Bar mitzvah photos are worth a thousand words

I don’t consider myself a procrastinator, unless, of course, the chore has something to do with cleaning out the freezer. When I have a job to do, I get it done. Usually.

For example, my son asks me to find him a girdle to wear at football practice. Done. Sari requests a kosher salami sandwich with mayonnaise in her school lunch. Done. My husband’s trousers are ready for pickup at the dry cleaners. Done. The dog needs a haircut. Done. I have to write a story on the benefits of Torah yoga. Done.

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One thing I can’t seem to get done is my son’s bar mitzvah photo album. For some reason, the final selection of which pictures go on which page, not to mention the sizes and quantities, eludes me. Even though Jack’s bar mitzvah was in March, almost a half year ago, I have yet to make any final decisions. Besides, I can’t find enough space to hang a 20 x 24 wall portrait of Jack wearing a tallis, unless I remove my favorite oil painting over the mantle. The other option is to build an addition to my home so that I can display as many framed memories as I want over the years. I will call it the “simcha room.”

So much time has passed that relatives no longer ask for their reprints anymore. I rationalize to the grandparents that their 13-year-old grandson doesn’t look the same anymore anyway. Besides, they can enjoy the larger-than-life photo statue of Jack, which is leftover from his bar miztvah party and still proudly stands in my foyer. The enormous foam board cutout of Jack outfitted in his baseball uniform scares everyone who enters through the front door, but it’s a great conversation piece nonetheless.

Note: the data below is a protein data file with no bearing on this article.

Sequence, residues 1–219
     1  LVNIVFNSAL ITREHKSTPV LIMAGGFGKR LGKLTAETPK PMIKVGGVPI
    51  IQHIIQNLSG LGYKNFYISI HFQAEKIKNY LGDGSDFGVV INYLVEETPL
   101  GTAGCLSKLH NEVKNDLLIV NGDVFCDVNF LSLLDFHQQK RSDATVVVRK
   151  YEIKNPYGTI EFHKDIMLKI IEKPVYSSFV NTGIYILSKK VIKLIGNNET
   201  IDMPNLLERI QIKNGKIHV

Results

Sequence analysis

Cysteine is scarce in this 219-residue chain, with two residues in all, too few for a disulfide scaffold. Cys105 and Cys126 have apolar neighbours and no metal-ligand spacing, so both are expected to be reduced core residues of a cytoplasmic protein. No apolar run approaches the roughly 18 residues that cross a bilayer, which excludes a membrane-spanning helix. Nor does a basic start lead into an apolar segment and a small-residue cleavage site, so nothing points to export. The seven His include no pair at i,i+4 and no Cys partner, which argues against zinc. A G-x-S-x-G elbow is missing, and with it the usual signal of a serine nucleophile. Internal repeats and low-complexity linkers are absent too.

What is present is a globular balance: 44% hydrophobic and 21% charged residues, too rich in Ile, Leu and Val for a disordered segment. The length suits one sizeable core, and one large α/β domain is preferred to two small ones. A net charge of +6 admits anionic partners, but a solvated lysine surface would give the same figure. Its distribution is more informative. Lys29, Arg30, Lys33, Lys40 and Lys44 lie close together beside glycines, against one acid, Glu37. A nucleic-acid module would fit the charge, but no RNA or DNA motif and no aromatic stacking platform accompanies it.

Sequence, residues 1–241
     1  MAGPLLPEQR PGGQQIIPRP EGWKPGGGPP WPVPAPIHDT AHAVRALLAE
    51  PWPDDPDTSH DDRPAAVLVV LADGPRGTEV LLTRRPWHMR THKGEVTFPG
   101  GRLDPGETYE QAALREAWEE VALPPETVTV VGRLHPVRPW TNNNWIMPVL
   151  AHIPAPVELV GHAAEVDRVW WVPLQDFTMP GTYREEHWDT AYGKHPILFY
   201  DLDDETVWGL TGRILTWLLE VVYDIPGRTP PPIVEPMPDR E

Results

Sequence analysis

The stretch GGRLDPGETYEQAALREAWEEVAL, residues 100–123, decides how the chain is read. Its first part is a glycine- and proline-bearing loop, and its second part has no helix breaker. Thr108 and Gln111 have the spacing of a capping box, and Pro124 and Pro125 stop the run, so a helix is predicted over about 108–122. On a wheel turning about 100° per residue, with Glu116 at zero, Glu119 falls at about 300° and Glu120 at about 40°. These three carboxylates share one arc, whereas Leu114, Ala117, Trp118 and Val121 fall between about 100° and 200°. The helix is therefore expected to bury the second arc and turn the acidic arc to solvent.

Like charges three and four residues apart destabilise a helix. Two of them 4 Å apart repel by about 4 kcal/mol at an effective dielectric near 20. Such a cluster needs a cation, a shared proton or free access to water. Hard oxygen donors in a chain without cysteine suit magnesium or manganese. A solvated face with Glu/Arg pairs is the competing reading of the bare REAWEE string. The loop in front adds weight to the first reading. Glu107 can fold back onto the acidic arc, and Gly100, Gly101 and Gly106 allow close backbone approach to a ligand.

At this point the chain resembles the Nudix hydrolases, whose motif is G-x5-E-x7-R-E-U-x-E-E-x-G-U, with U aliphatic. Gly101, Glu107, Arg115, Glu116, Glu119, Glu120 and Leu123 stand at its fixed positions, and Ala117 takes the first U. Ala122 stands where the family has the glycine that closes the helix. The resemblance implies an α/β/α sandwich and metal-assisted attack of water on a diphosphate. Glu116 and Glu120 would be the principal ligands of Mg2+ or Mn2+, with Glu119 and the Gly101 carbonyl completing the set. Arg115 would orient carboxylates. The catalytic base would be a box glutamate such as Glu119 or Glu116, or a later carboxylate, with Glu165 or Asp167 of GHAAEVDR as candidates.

Perhaps one reason that I struggle with the bar mitzvah album, which is now upgraded to a stylish coffee table book, is because my husband’s eyes are closed in practically every pose. In fact, Scott’s eyelids are either shut completely or hang droopy as if he just awoke up from a nap and wears a handsome tailored suit instead of boxer shorts. He explains to me that his natural reflex causes him to blink his eyes whenever he sees a flashbulb. So explain to me why the rabbis never seem to have that problem, and they’re in front of the cameras all the time.

Fortunately, our professional photographer can fix these common goof ups. With the latest digital technology, Scott’s eyes can magically open. Then again, his hazel eyes now appear with a tiny black dot that resembles a pencil doodle in a high school yearbook. Lucky for me, the same camera wizardry also can erase double chins.

Bottom line, nothing tells a story better than a photograph, including the annual picture of Jack and Sari standing next to our willow tree on their first day of school. With their backpacks strapped over their shoulders, they usually complain, “Why are you taking our picture again? You did the same thing last year.”

Exactly. Maybe my children don’t appreciate it now, but I’m always trying to capture time. I can’t help but notice how the weeping branches in our backyard grow bigger every year, just like Jack and Sari. Indeed, a picture says a thousand words, even when my husband’s eyes are closed.

“Mishegas of Motherhood” is the creation of Ellie S. Grossman, a St. Louis freelance writer and stay-at-home-mom who never stays home. Currently, she is patiently waiting for apple picking season to start. Feel free to send any comments to: [email protected] or visit her website at www.mishegasofmotherhood.com.